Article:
There are numerous reasons some sales professionals better predict the future than others. They stay up on current events and trends to quickly recognize hot or cooling markets. They accurately analyze data to project industry trends and competitor positioning. And, they regularly engage with decision-makers to discover business pain points and their remedies.
These individuals also employ another tool: the mutual plan. The mutual plan is a written agreement outlining a two-way understanding of a company’s critical business issues and the activities needed to resolve them. Gaining confirmation to this agreement moves everyone closer to a signed contract and, for the sales rep, closer to reaching target sales goals.
Designing a mutual plan is different than merely passing along the major points of the conversation. As the name implies, these proposals are done jointly with a prospect to eliminate potential confusion or false expectations — on both sides of the table.
It is also important to understand a mutual plan is not a to-do list. Yes, it includes activities to be done, but those items are listed to achieve a greater goal. The intention is to validate a prospect’s confidence in their buying decision. And for you, as the sales rep, to serve as a guideline to deliver as promised.
What to include in a mutual plan
A clear summary of the prospect’s business issue. Outline a summary of their challenges and problems and the solution they need. More specifically, this summary is a confirmation and reiteration of the language and wording that your prospect has actually used. What’s important is that both of you have the same expectations and understanding of why the prospect needs to partner with you for their purchase.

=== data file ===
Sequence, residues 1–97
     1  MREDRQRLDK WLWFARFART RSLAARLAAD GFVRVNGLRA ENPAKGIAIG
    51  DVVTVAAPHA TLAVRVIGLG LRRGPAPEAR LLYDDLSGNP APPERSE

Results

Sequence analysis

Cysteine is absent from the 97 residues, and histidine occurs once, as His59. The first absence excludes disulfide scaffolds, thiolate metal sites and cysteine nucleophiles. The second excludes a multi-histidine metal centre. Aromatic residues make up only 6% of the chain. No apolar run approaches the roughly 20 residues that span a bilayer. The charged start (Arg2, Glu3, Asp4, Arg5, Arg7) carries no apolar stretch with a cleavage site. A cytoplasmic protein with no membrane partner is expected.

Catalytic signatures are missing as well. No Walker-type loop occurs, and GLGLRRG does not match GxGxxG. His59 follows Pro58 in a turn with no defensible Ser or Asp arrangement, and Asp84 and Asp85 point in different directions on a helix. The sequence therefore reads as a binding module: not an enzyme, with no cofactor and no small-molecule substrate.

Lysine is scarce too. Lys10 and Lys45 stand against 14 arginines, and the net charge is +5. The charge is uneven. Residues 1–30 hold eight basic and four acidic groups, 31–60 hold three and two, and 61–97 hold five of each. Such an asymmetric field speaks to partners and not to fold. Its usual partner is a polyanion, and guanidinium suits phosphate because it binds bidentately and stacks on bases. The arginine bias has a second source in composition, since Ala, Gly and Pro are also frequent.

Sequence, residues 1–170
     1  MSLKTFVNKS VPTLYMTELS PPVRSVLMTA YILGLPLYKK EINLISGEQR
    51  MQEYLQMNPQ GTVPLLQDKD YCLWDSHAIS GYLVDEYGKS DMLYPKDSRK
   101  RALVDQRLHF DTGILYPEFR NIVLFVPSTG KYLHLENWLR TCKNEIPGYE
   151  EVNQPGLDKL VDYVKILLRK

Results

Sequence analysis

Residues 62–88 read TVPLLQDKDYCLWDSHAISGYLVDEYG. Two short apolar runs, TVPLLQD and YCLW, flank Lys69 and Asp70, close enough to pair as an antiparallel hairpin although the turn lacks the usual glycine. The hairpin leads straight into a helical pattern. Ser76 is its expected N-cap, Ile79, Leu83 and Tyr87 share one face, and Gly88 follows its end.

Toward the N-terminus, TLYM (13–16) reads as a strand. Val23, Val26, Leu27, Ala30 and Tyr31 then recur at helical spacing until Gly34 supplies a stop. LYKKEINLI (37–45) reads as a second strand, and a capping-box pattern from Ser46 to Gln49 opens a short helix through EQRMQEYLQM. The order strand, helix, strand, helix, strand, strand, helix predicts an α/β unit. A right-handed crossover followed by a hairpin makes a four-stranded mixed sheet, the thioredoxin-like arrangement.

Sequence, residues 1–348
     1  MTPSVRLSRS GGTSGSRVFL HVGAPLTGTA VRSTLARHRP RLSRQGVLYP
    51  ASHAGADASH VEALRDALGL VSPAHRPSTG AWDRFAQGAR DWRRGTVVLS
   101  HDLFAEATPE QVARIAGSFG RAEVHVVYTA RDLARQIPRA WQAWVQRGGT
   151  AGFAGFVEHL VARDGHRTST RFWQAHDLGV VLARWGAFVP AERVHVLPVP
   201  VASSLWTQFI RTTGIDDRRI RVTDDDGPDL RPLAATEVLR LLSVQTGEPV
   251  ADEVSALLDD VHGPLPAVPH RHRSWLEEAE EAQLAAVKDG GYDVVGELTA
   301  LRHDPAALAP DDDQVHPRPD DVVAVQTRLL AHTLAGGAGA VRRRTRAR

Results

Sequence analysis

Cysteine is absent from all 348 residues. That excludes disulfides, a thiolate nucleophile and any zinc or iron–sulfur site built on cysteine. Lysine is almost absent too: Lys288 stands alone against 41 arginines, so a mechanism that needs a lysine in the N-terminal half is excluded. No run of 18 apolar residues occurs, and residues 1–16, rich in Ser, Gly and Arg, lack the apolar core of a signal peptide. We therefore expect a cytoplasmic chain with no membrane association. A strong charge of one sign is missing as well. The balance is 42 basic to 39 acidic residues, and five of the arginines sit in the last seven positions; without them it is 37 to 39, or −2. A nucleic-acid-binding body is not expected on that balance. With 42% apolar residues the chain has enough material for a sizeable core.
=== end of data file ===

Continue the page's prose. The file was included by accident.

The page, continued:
Confirm customer-specific value. Note how your company is uniquely qualified to resolve the prospect’s most pressing issues. The focus is on the value your solution provides to the company, not a laundry list of your service or product features. While a mutual plan is part of the sales process, it is not the place to fall into the trap of feature dumping.
Show an understanding of the prospect’s decision-making process. An effective mutual plan includes your understanding of the company’s purchasing criteria and procurement process. By outlining what’s required and all parties involved, there is less ambiguity on how to move forward once a decision is made. To ensure all the bases are covered, confirm who has the power to sign off on purchase orders and sales contracts.
Provide a call to action. An agreed-upon timeline of benchmarks is at the heart of a mutual plan– without specific action items, there isn’t a plan to follow. To ensure the outline of next steps isn’t one-sided, include your next steps as well, with deadlines where appropriate. This will help prevent the sales process from stalling due to a lack of urgency. Remember, the ultimate goal is value realization, and this outline can serve as a guide to ensure a smooth handoff to customer success post-sale.
Ultimately, a thorough and thoughtful mutual plan allows you to maintain control of the sales cycle, mitigate risk and keep everyone focused on the end goal. It also demonstrates your commitment to helping someone move forward with their goals and even their career. As you meet milestones and mutually approved benchmarks, you also become a trusted adviser. That role not only earns you sales in the near term, but it helps establish long-term business relationships and revenue growth that you can count on.
As always, Sell with Value
Searching for more on this topic? Listen to the on-demand webinar: Get On the Same Page: Align Your Close with Your Prospect’s Buying Timeline.